“I have a line in my book where I say marriage is the only intended outcome of growing up in India,” Mansi Choksi tells New Lines magazine’s Surbhi Gupta. “Like, that’s how it feels for a lot of us.”
Choksi, author of the “The Newlyweds” and co-host of the latest season of NPR’s Rough Translation podcast, has spent many years untangling the fraught politics of marriage in the country. “On a family level, it’s almost as if it’s seen as a marker of success. Finding the right match for your son or daughter is like your ultimate duty towards your child,” she says. “And disobeying your parents’ choice for marriage? Possibly the ultimate disrespect that you can have towards your parents.”
But in a nation where over 90% of marriages are arranged and seldom cross lines of class, caste and confession, a new generation of young people are questioning the traditional boundaries. “And love marriage is one of those fault lines,” says Choksi.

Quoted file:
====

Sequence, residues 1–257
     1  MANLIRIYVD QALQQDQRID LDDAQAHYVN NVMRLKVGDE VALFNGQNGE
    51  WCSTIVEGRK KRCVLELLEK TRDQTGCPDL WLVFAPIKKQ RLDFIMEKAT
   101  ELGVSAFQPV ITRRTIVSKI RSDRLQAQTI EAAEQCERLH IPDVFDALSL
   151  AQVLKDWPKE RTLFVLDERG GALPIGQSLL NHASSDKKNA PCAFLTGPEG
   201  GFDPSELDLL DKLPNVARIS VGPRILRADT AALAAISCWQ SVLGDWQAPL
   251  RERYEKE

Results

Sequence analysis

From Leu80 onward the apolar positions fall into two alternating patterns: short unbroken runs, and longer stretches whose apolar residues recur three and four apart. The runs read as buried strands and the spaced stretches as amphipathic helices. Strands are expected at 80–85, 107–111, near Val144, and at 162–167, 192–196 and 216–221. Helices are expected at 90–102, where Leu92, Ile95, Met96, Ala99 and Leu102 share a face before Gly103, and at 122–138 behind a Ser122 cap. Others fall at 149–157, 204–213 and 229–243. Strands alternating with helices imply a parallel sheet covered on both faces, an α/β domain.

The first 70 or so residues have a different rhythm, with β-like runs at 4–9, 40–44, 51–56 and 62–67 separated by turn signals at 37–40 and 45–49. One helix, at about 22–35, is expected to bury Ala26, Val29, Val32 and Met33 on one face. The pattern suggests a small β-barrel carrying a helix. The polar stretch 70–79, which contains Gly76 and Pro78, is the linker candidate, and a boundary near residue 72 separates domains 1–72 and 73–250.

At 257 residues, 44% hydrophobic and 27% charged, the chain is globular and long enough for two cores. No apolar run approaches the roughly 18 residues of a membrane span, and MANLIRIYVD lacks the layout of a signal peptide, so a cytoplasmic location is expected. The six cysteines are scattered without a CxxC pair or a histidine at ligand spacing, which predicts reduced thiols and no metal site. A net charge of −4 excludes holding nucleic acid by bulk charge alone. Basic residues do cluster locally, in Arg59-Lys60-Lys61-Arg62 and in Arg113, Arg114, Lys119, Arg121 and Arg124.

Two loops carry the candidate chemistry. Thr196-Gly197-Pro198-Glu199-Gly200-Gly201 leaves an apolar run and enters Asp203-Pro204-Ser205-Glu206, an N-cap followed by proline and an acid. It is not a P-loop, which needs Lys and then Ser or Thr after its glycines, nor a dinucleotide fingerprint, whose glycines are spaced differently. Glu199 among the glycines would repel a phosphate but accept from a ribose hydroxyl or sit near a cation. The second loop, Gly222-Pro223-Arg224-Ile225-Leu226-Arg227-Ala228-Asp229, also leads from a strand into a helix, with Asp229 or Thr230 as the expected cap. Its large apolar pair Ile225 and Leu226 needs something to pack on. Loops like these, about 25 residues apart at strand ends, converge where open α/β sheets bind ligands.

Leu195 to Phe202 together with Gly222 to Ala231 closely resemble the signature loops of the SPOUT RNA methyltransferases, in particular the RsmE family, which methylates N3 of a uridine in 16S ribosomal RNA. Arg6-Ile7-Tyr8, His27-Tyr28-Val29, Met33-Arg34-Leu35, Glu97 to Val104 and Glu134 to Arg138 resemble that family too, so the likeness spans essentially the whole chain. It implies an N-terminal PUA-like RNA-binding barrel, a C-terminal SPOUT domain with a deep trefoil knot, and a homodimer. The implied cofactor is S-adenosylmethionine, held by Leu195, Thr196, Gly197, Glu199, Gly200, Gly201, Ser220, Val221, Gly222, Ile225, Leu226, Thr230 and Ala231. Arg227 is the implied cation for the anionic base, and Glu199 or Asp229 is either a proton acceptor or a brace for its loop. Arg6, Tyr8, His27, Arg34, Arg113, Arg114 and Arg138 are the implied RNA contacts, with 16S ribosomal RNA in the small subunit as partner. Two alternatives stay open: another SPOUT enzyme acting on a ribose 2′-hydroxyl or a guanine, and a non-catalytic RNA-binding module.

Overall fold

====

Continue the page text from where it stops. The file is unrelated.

“Young people in India are just trying to figure themselves out. Like anywhere else in the world, I guess.”
It’s not a choice that’s taken lightly, however. The consequences for couples who take it can be severe, especially when they come from different religious or caste backgrounds. “The stakes are really varied, right?” Choksi says. “Like the stakes can be as little as disappointing your parents to honor killing.”
It should be no surprise, then, that marriage often features prominently in national politics. In July, the chief minister of Gujarat announced that he was considering a law which would require parental approval for love marriages. Hindu nationalist politicians promote conspiracy theories about “love jihad” — “this idea that Muslims are are taking away Hindu women as part of a concerted effort to convert them to Islam and eventually outnumber the Hindu population,” Choksi explains. Meanwhile, despite the objections of Narendra Modi’s government, the Supreme Court is considering the extension of marriage rights to same-sex couples.
“There’s these conversations happening across the country,” says Choksi, “ I think that young people in India are just trying to figure themselves out. Like anywhere else in the world, I guess.”
Produced by Joshua Martin